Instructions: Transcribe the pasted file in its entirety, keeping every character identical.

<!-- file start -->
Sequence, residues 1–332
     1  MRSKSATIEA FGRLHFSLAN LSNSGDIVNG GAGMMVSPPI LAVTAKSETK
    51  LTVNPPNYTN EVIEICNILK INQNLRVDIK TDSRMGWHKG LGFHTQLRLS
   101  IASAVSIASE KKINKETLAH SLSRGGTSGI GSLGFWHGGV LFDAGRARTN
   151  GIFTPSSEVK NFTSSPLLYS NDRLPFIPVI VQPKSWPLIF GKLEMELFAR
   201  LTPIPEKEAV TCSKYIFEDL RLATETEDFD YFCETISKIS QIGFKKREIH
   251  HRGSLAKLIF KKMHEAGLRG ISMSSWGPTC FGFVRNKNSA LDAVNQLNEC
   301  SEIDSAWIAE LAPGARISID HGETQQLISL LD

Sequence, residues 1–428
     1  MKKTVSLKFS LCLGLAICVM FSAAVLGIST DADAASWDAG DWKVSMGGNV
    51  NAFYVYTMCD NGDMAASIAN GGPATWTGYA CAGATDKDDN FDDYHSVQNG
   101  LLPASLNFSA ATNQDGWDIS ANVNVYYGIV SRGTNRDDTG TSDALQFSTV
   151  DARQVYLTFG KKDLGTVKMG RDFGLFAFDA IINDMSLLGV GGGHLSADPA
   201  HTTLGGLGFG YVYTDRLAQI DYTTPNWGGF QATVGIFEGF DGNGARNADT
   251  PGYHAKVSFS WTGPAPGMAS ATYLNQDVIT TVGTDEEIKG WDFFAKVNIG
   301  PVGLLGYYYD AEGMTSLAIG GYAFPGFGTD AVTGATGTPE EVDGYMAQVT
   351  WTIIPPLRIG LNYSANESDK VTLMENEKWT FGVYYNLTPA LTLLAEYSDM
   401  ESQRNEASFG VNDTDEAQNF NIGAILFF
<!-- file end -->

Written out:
Sequence, residues 1–332
     1  MRSKSATIEA FGRLHFSLAN LSNSGDIVNG GAGMMVSPPI LAVTAKSETK
    51  LTVNPPNYTN EVIEICNILK INQNLRVDIK TDSRMGWHKG LGFHTQLRLS
   101  IASAVSIASE KKINKETLAH SLSRGGTSGI GSLGFWHGGV LFDAGRARTN
   151  GIFTPSSEVK NFTSSPLLYS NDRLPFIPVI VQPKSWPLIF GKLEMELFAR
   201  LTPIPEKEAV TCSKYIFEDL RLATETEDFD YFCETISKIS QIGFKKREIH
   251  HRGSLAKLIF KKMHEAGLRG ISMSSWGPTC FGFVRNKNSA LDAVNQLNEC
   301  SEIDSAWIAE LAPGARISID HGETQQLISL LD

Sequence, residues 1–428
     1  MKKTVSLKFS LCLGLAICVM FSAAVLGIST DADAASWDAG DWKVSMGGNV
    51  NAFYVYTMCD NGDMAASIAN GGPATWTGYA CAGATDKDDN FDDYHSVQNG
   101  LLPASLNFSA ATNQDGWDIS ANVNVYYGIV SRGTNRDDTG TSDALQFSTV
   151  DARQVYLTFG KKDLGTVKMG RDFGLFAFDA IINDMSLLGV GGGHLSADPA
   201  HTTLGGLGFG YVYTDRLAQI DYTTPNWGGF QATVGIFEGF DGNGARNADT
   251  PGYHAKVSFS WTGPAPGMAS ATYLNQDVIT TVGTDEEIKG WDFFAKVNIG
   301  PVGLLGYYYD AEGMTSLAIG GYAFPGFGTD AVTGATGTPE EVDGYMAQVT
   351  WTIIPPLRIG LNYSANESDK VTLMENEKWT FGVYYNLTPA LTLLAEYSDM
   401  ESQRNEASFG VNDTDEAQNF NIGAILFF